|Total Commission:||6.00% + $0||$38700.00|
|Transaction Coordination Fee:||$350.00|
|First Loan Balance:||$385000.00|
|Interest on 1st Loan:||$|
|Second Loan Balance:||$0|
|Interest on 2nd Loan:||$|
|Natural Hazard Disclosure Report:||$99.00|
|Pest Control Report:||$125.00|
|Work Required for Pest Clearance:||$|
|Tax Proration (if not paid to date of recording):||$|
|Total Estimated Costs to Seller:||$429999.75|
|CREDITS TO SELLER|
|Total Estimated Credits to Seller:||$0|
|CASH TO SELLER|
|Estimated Sales Price:||$645000.00|
|Plus Estimated Credits:||$0|
|Less Estimated Costs:||$429999.75|
|Estimated Sale Proceeds to Seller:||$215000.25|
Contact me if you’d like a complimentary value assessment done on your property, or to discuss the costs of selling in detail.
Keith Klassen – Real Estate Broker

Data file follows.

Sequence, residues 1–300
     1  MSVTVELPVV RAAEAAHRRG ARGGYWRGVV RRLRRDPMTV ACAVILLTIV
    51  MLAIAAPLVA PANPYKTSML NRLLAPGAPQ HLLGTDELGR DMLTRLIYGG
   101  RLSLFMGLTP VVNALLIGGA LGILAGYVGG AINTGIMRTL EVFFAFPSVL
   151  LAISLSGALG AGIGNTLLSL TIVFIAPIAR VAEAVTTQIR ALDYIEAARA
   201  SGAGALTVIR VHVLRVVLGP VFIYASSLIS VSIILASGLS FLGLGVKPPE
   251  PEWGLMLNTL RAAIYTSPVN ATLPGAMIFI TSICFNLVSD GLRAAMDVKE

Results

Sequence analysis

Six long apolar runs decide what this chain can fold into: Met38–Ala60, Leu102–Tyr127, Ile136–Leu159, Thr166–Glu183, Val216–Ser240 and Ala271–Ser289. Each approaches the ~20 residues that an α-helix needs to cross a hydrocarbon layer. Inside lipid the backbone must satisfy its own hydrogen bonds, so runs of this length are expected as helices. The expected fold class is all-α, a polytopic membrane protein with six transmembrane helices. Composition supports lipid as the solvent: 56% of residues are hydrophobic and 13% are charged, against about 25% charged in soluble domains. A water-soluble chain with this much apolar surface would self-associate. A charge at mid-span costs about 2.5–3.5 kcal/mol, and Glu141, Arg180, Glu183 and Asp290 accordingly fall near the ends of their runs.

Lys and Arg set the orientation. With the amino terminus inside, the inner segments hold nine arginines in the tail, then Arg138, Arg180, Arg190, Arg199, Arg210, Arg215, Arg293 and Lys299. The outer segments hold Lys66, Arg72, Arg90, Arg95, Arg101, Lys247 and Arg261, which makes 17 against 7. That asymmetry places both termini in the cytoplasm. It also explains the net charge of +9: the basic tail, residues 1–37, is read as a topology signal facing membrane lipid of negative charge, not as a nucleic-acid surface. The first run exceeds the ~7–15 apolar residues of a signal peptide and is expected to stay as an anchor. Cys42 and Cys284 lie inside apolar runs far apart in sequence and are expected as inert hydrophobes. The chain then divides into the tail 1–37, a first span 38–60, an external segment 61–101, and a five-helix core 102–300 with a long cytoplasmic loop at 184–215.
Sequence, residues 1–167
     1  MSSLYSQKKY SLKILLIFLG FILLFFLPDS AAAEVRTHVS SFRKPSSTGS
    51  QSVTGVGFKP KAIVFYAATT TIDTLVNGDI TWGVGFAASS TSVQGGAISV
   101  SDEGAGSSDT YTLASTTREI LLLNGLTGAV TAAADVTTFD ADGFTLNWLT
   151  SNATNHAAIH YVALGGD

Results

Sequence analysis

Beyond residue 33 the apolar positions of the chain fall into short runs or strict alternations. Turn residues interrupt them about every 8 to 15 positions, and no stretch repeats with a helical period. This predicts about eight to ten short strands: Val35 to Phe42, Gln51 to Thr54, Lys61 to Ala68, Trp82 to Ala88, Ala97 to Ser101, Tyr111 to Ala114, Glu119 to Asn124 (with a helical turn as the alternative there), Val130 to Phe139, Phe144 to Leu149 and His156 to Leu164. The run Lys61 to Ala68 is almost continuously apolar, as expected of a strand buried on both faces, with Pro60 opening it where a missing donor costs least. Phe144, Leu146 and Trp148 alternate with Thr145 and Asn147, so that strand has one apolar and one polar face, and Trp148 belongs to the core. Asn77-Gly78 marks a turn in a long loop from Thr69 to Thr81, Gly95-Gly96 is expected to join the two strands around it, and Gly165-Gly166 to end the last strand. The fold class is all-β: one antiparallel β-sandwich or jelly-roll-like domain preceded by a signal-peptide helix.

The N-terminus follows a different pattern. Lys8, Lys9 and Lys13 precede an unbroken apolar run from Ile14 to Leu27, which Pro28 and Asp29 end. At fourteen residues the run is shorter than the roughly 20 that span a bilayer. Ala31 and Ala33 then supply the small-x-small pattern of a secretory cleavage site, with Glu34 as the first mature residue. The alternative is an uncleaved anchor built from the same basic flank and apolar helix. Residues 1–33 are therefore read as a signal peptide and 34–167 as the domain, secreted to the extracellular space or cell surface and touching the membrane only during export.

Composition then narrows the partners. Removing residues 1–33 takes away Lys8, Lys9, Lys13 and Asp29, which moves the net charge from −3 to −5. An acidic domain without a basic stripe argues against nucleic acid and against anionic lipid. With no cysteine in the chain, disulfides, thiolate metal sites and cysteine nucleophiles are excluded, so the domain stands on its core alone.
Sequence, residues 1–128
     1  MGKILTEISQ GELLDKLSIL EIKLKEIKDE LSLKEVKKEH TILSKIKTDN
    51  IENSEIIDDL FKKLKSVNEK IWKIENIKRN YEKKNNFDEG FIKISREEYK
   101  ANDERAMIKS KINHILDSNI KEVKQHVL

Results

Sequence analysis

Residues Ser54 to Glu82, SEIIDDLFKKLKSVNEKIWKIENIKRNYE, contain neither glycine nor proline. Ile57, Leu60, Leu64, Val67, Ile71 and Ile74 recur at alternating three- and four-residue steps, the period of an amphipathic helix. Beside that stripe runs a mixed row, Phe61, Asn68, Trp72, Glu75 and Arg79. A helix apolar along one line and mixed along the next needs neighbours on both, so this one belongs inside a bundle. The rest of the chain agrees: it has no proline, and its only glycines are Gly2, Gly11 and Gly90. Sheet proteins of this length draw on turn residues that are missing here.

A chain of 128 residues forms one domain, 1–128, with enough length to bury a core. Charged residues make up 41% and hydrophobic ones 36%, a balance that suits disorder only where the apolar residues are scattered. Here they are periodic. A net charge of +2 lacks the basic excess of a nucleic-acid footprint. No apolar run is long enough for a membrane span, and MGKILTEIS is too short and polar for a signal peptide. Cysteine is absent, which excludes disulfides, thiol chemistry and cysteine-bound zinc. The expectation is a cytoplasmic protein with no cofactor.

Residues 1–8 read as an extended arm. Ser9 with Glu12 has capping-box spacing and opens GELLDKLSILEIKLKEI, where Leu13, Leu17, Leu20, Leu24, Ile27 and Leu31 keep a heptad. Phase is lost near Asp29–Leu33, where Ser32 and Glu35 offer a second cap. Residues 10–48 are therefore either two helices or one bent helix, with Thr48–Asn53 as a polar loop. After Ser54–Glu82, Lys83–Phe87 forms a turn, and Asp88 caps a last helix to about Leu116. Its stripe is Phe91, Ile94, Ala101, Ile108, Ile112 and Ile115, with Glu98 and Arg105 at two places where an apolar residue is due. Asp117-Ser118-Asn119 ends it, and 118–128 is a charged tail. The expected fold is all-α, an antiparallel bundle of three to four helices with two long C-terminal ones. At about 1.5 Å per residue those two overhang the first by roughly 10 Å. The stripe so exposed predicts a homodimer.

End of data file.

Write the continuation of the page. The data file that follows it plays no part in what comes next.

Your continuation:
There is a lot of nervousness these days getting past the appraisal contingency, which is one of several things that a real estate contract usually hinges on when a purchaser requires a loan. The contracts typically most susceptible are those from FHA and VA buyers, as these buyers many times can, and do offer more than the listing price, and the appraiser tends to scrutinize the property much more. These loans require the least amount of down payment, with the VA requiring zero down. A higher priced offer, over the list price, excites a seller as they see dollar signs, while a savvy agent knows that it must first get through the appraisal hurdle, or else the deal falls apart, or the seller has to lower the purchase price to the appraised value. Many times an agent will meet the appraiser at the property in an attempt to educate, enlighten, or justify the contract price using comparative listings and sold properties, as well as showing and detailing improvements, etc. Some times this is helpful when done with tact, while other times it just annoys and ticks the appraiser off. I typically just want to make sure that the appraiser is local and familiar with the area. Homes that border neighborhoods and dividing lines can be tricky if the appraiser is unaware of these boundaries, which a map does not show.